+JMJ+ These peach pits are nice. =) They seem like a detail of a larger work. I didn't comment earlier because that pineapple kept making eyes at me. =P Oh, did I ever tell you the Philippine myth about the pineapple?
Thank you! You must tell me this myth - please. Does it have anything to do with alligators? I think somebody might have told me this myth before. But maybe I'm just projecting."They seem like a detail of a larger work."If you look at the bottom right corner of the pineapple drawing, you will see the out-of-focus (because of the camera) peach pit - the one sitting in the crescent moon. It is the same one in the top left of this one. All those pits were present while drawing the pineapple one. Two set-ups, bumping into each other.
+JMJ+ It's more of a mini-myth, really. Like the Greek myths about how we got certain trees, flowers or animals, except these ones have no temperamental gods. Once upon a time (Forgive the fairy tale opening!), there lived a mother and a daughter she had named Pinang. The mother was very hardworking, but Pinang was absentminded and lazy. Just when the mother thought she had found a job even Pinang wouldn't mess up--watching the porridge to make sure it didn't burn. But the village children were having such a good time playing outside the hut that day that Pinang ran out to join them and completely forgot about the porridge. It burned so badly that even the pot had to be thrown out. The mother was very upset and frustrated, but she didn't know what to do. The next day, the mother fell ill and Pinang had to do all the household chores herself. She didn't last five minutes at a time without waking her mother to ask where so-and-so was stored or where she could find such-and-such. What made it worse was that the things were often in plain sight and Pinang was just too lazy to look for them properly. Finally, the mother snapped, "Pinang, I wish you had as many eyes as you need to see everything around you and to stop bothering me!" Pinang did not return to her mother's bedside again that day--or that night--or the next day. By that time, the mother was a little better, and she started looking all over the village for her daughter; but nobody had seen Pinang. She seemed to have just vanished. A few weeks later, the mother noticed a strange new plant growing in her backyard. She took care of it, watering and tending it every day, to see whether it would bear any fruit. And when the fruit came, the first thing she noticed was that it was covered with eyes. That was when she knew that her hasty wish had come true and that her daughter now had all the eyes she needed to see everything around her and to stop bothering her mother. (It's not the happiest story/mini-myth in the world, but everyone I've told it to so far seems to think it's hilarious. It might be because I remind them of Pinang. Thankfully, my own mother doesn't make hasty wishes. She is more likely to say, "Look with your eyes, not with your mouth!" . . . Oh, by the way, the Filipino word for pineapple is pinya, which, of course, we get from Pinang.) Captcha is "foodice"! =P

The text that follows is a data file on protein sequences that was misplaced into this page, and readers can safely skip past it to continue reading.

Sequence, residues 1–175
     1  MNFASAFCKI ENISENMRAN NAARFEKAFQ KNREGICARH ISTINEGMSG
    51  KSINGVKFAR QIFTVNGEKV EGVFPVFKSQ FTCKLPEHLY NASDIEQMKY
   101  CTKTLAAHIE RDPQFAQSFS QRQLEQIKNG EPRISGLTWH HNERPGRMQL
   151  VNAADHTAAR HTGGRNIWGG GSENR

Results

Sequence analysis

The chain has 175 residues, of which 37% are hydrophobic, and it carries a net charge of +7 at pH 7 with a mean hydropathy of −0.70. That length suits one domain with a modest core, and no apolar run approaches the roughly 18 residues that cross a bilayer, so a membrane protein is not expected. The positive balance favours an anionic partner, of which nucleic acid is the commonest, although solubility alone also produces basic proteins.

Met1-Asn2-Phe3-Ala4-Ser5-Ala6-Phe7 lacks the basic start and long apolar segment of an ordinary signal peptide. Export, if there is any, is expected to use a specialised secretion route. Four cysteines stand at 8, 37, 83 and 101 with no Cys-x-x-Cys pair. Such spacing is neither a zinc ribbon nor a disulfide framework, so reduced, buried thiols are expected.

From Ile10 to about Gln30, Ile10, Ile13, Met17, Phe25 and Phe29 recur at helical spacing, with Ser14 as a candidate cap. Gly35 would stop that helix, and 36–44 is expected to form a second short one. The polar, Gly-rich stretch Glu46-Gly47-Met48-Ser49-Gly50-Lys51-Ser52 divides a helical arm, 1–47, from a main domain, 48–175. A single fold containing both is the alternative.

Thank you! :) For some reason my mind's eye wants to see Pinang *choosing* to be turned into a pineapple, which if propagated, could feed the family with delectable sweetness.BTW, do you know about cutting the top off a pineapple and growing it?
+JMJ+ That story is easily rewritten to reflect your vision of Pinang! It's not fun to be the one who messes up all the time, especially when everyone around you is so competent. Pinang's own "usefulness" might have been in her sweetness (with a hint of tartness, for personality), but it's easy to undervalue that. We can argue that the storytellers undervalue it all the time. Yet if Pinang really had been irredeemably lazy and absent-minded, then why is the pineapple such a popular fruit? There is another Philippine myth about the durian, possibly the worst-smelling fruit in the world. (I want to dare you to find one and draw it. While it would be an interesting exercise to get all the spines right, you'd have to wear a gas mask or something just to get it done. =P) It grew out of the grave of a tribe's beloved princess--someone who was very gentle, sweet and wonderful, but also kind of ugly. Nobody even wanted to approach the tree until the land was hit by a terrible famine. Only when they were desperate did they try the smelly fruit . . . which turned out to be delicious! They totally survived the famine and named the fruit after the late Princess Duri. Making the pineapple primarily about its eyes is like making the durian primarily about its smell. PS -- Yes, I knew that about pineapples, although I've never had an opportunity to try it! PPS -- Your blog is getting flirtatious. Captcha is "kisseme"! LOL!!!
Oh Lord, the durian. Won't go there. Won't draw that. The closest I've been to eating it is touching the inner fruit with my lips and though the sweetness was beckoning I just could not get past the smell.The myth about it sounds like it might be historically true!My blog is flirtatious as a rule. :)
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